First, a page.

“If any of you (my Hearers) admire, wherefore, after the Exposition of Pauls Epistle unto the Hebrews, I should pass by so many excellent Books of the New Testament, and take in hand the Interpretation of the last…the Revelation, the Author and Canonical authority whereof has long since variously been disputed of: and which being replenished with great secrets, types, and dark sentences, is scarcely intelligible unto any: and though it be entitled a Revelation, yet seems not in the least to be a Book revealed, but rather shut up and sealed: which seems also to be the reason that it is placed at the end of the New Testament: from the interpretation whereof because of its obscurity, not a few of the ablest Divines have hitherto abstained: and lastly feeling it has long since been held, that it does contain some things contrary to Apostolical Faith, and favor the heretic of the Chilaists. If I say, any man wonders at this my purpose, such a one I would have with me to acknowledge, that these very objections (besides other causes which now are not requisite to be related) with which this most Heavenly book is injuriously charged, offers occasion unto me to interpret the same, that ye might understand that the Revelation of John is so far from the guilt of these accusations (which do not a little weaken the Canon of our Faith) that we rather may say of it, what Jerome most truly laid of the Prophesy of Isaiah: Whatsoever is in Holy Writ, whatsoever can be uttered by the tongue or received by the senses of mortal man, is contained in this Book…”
I, of course, find it interesting that Chilasim would be considered a heresy. A Chilaist believes in the Millennium, which is clearly laid out in Revelation. The only way to avoid believing in the Millennium is to view at least that part of Revelation as “symbolic”. We’ll find out later how Pareus gets around it.
David Pareus was probably the most quoted commentator of his time, and is still talked about today. If you noticed, he was mentioned by John Mayer in the previous quote.
John Lightfoot is the next author, and he is also very well known, though probably not quite to the degree of Pareus. This is from THE WHOLE WORKS OF THE REV. JOHN LIGHTFOOT (in 13 volumes) which is considered to be from the mid-17th century. The introduction is from a book called THE HARMONY OF THE NEW TESTAMENT. The book is in 2 parts. This is entitled “To the Reader”:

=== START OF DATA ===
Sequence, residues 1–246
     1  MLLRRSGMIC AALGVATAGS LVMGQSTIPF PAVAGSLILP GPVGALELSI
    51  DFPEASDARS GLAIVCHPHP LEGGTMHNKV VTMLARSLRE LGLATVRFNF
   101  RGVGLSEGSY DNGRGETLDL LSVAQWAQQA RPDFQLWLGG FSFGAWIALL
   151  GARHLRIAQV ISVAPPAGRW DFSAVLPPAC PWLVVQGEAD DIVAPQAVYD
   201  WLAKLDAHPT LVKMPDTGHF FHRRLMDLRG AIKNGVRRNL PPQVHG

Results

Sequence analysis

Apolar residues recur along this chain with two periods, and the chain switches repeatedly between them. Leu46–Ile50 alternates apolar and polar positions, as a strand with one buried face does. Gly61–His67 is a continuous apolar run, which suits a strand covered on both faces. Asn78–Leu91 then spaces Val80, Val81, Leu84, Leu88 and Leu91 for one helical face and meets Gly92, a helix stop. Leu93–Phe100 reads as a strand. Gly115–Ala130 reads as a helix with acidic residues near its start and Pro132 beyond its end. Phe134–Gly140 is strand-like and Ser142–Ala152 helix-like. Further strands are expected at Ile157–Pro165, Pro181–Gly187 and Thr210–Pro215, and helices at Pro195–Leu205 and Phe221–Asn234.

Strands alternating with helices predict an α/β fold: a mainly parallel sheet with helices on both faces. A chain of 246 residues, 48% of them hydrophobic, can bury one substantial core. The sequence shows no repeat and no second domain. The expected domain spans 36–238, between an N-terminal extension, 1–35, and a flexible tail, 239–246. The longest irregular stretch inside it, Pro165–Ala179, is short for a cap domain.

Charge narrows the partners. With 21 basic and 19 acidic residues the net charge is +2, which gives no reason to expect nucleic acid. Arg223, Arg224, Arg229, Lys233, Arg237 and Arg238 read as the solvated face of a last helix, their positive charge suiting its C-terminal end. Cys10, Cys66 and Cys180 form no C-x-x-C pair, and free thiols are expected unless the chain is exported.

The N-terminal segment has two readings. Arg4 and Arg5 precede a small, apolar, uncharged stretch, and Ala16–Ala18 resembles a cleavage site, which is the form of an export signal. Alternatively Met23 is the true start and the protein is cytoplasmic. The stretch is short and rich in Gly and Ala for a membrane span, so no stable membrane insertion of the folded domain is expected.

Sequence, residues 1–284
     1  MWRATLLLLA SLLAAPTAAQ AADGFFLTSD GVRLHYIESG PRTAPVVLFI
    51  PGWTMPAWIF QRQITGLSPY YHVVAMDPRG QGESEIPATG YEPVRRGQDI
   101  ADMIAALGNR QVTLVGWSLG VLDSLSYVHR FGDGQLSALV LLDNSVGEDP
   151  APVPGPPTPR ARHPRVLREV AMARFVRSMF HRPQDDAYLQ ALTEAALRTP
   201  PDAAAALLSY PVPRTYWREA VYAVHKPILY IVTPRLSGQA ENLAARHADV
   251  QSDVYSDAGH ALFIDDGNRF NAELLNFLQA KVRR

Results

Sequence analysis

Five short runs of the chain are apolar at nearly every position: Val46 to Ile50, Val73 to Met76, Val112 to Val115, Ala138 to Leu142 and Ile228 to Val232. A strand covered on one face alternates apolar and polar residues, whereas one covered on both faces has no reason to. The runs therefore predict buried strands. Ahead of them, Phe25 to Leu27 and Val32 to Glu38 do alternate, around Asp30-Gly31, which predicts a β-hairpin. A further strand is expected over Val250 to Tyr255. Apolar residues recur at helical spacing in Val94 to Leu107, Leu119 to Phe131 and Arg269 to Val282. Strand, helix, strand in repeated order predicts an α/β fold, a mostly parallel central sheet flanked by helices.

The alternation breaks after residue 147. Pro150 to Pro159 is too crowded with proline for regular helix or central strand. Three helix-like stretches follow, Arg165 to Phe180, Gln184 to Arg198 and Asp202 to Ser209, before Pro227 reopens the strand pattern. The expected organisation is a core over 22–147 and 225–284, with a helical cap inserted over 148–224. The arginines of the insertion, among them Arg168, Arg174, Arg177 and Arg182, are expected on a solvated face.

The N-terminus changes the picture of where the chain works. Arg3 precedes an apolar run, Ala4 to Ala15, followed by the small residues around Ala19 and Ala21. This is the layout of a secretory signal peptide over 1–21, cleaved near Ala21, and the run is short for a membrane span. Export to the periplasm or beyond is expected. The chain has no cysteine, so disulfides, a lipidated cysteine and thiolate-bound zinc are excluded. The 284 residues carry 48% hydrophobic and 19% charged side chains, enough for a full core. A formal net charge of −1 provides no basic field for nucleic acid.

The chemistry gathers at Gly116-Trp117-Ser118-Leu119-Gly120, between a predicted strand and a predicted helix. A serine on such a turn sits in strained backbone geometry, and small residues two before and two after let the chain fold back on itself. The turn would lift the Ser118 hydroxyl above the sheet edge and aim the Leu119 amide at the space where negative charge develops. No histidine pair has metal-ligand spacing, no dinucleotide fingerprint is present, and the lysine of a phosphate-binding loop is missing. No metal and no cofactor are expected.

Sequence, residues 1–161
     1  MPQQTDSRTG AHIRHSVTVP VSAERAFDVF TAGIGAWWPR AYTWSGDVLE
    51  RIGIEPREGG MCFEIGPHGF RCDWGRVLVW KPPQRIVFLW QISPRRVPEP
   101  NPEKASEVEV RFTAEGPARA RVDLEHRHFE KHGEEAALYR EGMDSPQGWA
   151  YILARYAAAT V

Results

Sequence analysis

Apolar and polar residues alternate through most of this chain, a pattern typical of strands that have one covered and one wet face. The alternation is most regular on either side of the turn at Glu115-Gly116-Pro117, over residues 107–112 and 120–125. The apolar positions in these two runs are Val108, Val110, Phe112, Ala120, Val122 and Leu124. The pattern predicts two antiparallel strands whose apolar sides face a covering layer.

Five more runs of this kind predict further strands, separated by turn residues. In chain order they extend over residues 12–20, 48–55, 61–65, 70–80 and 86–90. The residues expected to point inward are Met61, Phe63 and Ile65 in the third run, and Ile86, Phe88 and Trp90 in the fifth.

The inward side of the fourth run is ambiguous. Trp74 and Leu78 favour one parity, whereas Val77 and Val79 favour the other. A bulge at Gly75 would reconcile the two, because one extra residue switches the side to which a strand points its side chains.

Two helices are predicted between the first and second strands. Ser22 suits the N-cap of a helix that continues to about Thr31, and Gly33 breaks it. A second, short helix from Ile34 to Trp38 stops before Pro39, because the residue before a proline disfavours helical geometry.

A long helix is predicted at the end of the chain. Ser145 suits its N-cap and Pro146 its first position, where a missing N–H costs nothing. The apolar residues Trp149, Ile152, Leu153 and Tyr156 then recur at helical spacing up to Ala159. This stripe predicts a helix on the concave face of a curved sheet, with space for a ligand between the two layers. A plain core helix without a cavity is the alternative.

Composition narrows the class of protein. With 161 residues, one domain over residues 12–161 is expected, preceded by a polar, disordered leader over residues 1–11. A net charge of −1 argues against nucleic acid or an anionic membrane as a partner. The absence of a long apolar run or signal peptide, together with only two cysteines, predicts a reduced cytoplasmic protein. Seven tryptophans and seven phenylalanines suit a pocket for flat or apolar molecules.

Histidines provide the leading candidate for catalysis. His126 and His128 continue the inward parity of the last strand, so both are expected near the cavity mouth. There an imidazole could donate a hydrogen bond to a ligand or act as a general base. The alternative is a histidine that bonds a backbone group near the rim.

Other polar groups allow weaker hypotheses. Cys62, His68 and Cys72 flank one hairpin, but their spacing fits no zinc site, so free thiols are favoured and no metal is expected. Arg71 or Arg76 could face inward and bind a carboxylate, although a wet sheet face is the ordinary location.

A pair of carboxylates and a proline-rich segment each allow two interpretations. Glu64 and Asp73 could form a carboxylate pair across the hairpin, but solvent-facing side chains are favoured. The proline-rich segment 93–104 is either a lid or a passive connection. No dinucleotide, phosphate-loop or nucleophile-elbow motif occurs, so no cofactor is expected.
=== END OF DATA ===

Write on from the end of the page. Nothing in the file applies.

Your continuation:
“…What author in the world, but he is best to be understood from the writers and dialect of his own nation? What one Roman writer can a man understandingly read, unless he be well acquainted with their history, customs, propriety of phrases, and common speech? So doth the New Testament; ‘loquitur cum vulgo’ [speak with universality]: though it be penned in Greek, it speaks in the phrase of the Jewish nation, among whom it was penned, all along; and there are multitudes of expressions in it, which are not to be found but there, and in the Jews’ writings, in all the world. They are very much deceived, that think the New Testament so very easy to be understood, because of the familiar doctrine it contains, — faith and repentance. It is true, indeed, it is plainer as to the matter it handles, than the Old, because it is an unfolding of the Old: — but for the attaining of the understanding of the expressions that it uses in these explications, you must go two steps farther than you do about the Old; — namely, to observe where, and how, it uses the Septuagint’s Greek, as it does very commonly; — and when it uses the Jews’ idiom, or reference thereunto, which indeed it does continually. A student well versed in their language and writings, would find it no great difficulty to translate the New Testament into Talmudic language, almost from verse to verse, so close does it speak all along to their common speech…”
I find this last quote to be very perceptive. There will be more talk about the Jewish idioms used in Revelation as we move forward in time. Some people think that Revelation was originally written in Greek by Hebrew-speakers who just weren’t that good in Greek. Others, and I’m one of these, think that Revelation was originally written in Hebrew and then translated into Greek, in such a way that it preserved all the Hebrew idioms: we just haven’t found an early enough version of it to have a copy of it in the original Hebrew.
The next writer is Hezekiah Holland. His rather crass and commercial book is called EPITOME OF THE MOST CHOICE COMMENTARIES UPON THE REVELATION OF SAINT JOHN, published in 1650. I think he was trying to write for what he thought of as “the common man”, but I suspect he missed the mark as I’ve never seen his name anywhere else. I’ve got a fairly long quote here from “The Epistle to the Reader”, you’ll see what I mean: